Food and Drug Administration, HHS.
The Food and Drug Administration (FDA) is announcing that a proposed collection of information has been submitted to the Office of Management and Budget (OMB) for review and clearance under the Paperwork Reduction Act of 1995.
Fax written comments on the collection of information by June 12, 2006.
OMB is still experiencing significant delays in the regular mail, including first class and express mail, and messenger deliveries are not being accepted. To ensure that comments on the information collection are received, OMB recommends that written comments be faxed to the Office of Information and Regulatory Affairs, OMB, Attn: Fumie Yokota, Desk Officer for FDA, FAX: 202-395-6974.Start Further Info
FOR FURTHER INFORMATION CONTACT:
Jonna Capezzuto, Office of Management Programs (HFA-250), Food and Drug Administration, 5600 Fishers Lane, Rockville, MD 20857, 301-827-4659.End Further Info End Preamble Start Supplemental Information
In compliance with 44 U.S.C. 3507, FDA has submitted the following proposed collection of information to OMB for review and clearance.
Irradiation in the Production, Processing, and Handling of Food—(OMB Control Number 0910-0186)—Extension
Under sections 201(s) and 409 of the Federal Food, Drug, and Cosmetic Act (the act) (21 U.S.C. 321(s) and 348), food irradiation is subject to regulation under the food additive premarket approval provisions of the act. The regulations providing for uses of irradiation in the production, processing, and handling of food are found in part 179 (21 CFR part 179). To ensure safe use of a radiation source, § 179.21(b)(1) requires that the label of sources bear appropriate and accurate information identifying the source of radiation and the maximum energy of radiation emitted by x-ray tube sources. Section 179.21(b)(2)(i) requires that the label or accompanying labeling bear adequate directions for installation and use. Section 179.25(e) requires that food processors who treat food with radiation make and retain, for 1 year past the expected shelf life of the products up to a maximum of 3 years, specified records relating to the irradiation process (e.g., the food treated, lot identification, scheduled process, etc.) The records required by § 179.25(e) are used by FDA inspectors to assess compliance with the regulation that establishes limits within which radiation may be safely used to treat food. The agency cannot ensure safe use without a method to assess compliance with the dose limits, and there are no practicable methods for analyzing most foods to determine whether they have been treated with ionizing radiation and are within the limitations set forth in part 179. Records inspection is the only way to determine whether firms are complying with the regulations for treatment of foods with ionizing radiation.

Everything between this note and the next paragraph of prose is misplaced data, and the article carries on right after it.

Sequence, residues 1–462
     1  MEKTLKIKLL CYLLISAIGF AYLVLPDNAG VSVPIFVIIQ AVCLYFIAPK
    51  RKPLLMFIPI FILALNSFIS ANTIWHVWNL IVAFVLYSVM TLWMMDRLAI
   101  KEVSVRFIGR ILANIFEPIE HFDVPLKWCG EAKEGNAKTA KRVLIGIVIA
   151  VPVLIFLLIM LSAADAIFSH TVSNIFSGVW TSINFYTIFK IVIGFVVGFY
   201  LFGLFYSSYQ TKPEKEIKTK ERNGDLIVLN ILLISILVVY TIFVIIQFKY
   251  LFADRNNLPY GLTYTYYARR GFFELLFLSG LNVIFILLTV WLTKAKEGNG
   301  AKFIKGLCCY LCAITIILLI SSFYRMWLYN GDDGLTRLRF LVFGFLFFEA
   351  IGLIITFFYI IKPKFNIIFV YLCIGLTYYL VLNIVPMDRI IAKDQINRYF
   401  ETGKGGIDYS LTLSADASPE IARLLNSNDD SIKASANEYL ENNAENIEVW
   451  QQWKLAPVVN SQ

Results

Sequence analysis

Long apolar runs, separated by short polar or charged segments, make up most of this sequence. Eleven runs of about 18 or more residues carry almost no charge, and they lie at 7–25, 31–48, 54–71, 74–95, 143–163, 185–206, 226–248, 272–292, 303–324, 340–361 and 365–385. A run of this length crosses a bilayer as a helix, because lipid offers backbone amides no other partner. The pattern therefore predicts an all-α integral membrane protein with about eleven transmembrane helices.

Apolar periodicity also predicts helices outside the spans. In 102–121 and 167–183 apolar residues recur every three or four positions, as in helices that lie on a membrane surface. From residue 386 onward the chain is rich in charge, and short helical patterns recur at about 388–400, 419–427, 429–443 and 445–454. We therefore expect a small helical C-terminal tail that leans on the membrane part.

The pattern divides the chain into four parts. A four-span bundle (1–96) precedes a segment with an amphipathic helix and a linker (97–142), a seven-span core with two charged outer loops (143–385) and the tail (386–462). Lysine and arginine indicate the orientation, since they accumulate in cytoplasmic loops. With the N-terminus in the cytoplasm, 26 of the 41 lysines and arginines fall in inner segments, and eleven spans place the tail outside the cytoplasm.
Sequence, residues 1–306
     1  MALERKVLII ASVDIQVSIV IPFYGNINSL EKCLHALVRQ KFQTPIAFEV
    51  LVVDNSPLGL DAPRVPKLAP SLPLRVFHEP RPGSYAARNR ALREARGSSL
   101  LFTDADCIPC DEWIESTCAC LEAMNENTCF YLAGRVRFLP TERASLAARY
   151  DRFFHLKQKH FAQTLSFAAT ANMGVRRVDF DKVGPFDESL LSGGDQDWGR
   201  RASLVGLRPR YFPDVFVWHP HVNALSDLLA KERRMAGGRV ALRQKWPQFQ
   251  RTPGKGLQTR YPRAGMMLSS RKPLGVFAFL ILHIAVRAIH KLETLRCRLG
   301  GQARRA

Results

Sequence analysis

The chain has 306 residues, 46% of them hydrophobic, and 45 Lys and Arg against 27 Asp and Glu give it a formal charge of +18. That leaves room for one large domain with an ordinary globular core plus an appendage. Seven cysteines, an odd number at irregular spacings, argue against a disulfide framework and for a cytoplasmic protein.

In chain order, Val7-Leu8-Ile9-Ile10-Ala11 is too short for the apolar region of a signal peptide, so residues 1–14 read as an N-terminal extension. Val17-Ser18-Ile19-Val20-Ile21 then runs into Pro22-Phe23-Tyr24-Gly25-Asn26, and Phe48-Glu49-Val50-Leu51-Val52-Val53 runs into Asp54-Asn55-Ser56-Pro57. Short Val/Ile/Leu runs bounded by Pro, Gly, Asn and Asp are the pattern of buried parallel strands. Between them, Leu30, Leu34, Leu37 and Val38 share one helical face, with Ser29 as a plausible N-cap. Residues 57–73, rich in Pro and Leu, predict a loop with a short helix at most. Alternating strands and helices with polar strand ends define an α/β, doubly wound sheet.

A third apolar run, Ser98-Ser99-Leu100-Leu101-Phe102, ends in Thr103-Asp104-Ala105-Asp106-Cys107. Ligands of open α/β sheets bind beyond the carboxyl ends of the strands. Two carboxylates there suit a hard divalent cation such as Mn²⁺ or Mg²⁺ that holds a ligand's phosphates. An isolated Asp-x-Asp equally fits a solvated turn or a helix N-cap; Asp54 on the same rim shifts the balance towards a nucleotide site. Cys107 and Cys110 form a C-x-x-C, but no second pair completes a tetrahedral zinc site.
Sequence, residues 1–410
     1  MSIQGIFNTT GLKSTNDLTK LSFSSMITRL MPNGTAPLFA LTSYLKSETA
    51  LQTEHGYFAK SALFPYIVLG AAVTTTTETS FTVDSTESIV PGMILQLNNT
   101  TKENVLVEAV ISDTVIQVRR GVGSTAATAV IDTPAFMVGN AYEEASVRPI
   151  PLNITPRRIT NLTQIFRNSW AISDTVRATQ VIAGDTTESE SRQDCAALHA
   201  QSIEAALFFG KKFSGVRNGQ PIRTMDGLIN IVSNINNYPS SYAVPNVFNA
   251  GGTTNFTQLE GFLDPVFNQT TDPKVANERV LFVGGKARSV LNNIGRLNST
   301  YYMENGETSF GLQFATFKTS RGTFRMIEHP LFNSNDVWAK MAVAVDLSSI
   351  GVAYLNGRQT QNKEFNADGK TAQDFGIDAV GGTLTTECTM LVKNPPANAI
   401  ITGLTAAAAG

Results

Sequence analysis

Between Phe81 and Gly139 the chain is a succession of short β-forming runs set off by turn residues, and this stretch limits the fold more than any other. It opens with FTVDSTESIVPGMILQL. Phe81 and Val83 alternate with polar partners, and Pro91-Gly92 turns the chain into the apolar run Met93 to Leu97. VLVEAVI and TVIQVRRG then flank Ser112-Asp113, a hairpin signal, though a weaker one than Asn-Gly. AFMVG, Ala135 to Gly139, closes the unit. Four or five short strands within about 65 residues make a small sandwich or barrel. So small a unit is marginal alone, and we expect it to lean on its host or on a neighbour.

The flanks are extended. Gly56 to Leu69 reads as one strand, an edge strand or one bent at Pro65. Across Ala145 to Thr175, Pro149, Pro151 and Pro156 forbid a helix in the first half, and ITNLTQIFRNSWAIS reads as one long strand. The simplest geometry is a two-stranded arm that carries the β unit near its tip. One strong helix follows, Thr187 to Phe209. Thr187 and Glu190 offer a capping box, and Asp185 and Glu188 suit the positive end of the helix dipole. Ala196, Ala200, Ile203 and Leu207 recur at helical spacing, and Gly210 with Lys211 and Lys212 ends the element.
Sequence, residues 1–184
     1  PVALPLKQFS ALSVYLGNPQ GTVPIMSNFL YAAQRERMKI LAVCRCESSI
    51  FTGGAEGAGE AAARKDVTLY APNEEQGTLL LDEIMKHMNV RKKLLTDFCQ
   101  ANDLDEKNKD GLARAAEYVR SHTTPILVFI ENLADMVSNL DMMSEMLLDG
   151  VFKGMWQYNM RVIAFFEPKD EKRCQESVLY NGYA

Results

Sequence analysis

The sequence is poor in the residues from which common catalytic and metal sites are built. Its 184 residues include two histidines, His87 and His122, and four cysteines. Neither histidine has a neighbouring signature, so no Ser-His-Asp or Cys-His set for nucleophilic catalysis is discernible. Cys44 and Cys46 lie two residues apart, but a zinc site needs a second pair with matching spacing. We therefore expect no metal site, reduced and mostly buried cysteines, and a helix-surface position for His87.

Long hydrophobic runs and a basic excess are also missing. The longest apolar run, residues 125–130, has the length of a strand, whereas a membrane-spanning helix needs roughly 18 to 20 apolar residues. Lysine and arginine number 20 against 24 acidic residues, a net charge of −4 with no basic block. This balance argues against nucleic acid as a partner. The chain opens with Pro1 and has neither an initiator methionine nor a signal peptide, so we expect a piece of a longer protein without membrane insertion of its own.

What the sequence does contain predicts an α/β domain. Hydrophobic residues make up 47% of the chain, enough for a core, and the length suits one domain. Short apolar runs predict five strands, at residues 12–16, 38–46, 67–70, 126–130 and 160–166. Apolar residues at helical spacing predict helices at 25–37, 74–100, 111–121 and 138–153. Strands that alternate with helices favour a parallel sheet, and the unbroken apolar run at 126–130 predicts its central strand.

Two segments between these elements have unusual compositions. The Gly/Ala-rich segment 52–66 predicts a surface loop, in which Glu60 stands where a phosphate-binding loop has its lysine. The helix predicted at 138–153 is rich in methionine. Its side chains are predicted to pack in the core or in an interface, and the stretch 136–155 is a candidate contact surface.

In the Federal Register of February 6, 2006 (71 FR 6075), FDA published a 60-day notice requesting public comment on the information collection provisions. FDA received one letter in response which contained several comments and suggestions. These suggestions and FDA's responses follow.
The comment expresses concern that records maintained under the regulation must only be retained for a maximum of 3 years. The comment asserts that irradiation of food is a new process, the long-term effects of which are unknown. The comment recommends that the required records be retained for 7 years.
FDA disagrees. The records required by § 179.25(e) must be retained for a period of time that exceeds the shelf life of the irradiated food product by 1 year, up to a maximum of 3 years, whichever period is shorter. There is no need to retain the information longer than 1 year after the end of the shelf life of the irradiated food because by that time the food has either been consumed or discarded. Thus, it is unnecessary for FDA to require firms to retain the records for a longer period of time.
The comment also suggested that FDA permit comments to the docket to be filed by e-mail and suggested that food treated under part 179 of the regulations should be labeled with the word, “Irradiated.”
FDA agrees that irradiated food should be labeled and notes that labeling requirements for irradiated foods are found at § 179.26(c). These comments are outside the scope of the four collection of information topics on which the notice solicits comments and, thus, will not be addressed further.
|21 CFR Section||No. of Recordkeepers||Annual Frequency per Recordkeeping||Total Annual Records||Hours per Record||Total Hours|
|1 There are no capital costs or operating and maintenance costs associated with this collection of information.|
Dated: May 4, 2006.
Assistant Commissioner for Policy.
[FR Doc. E6-7178 Filed 5-10-06; 8:45 am]
BILLING CODE 4160-01-S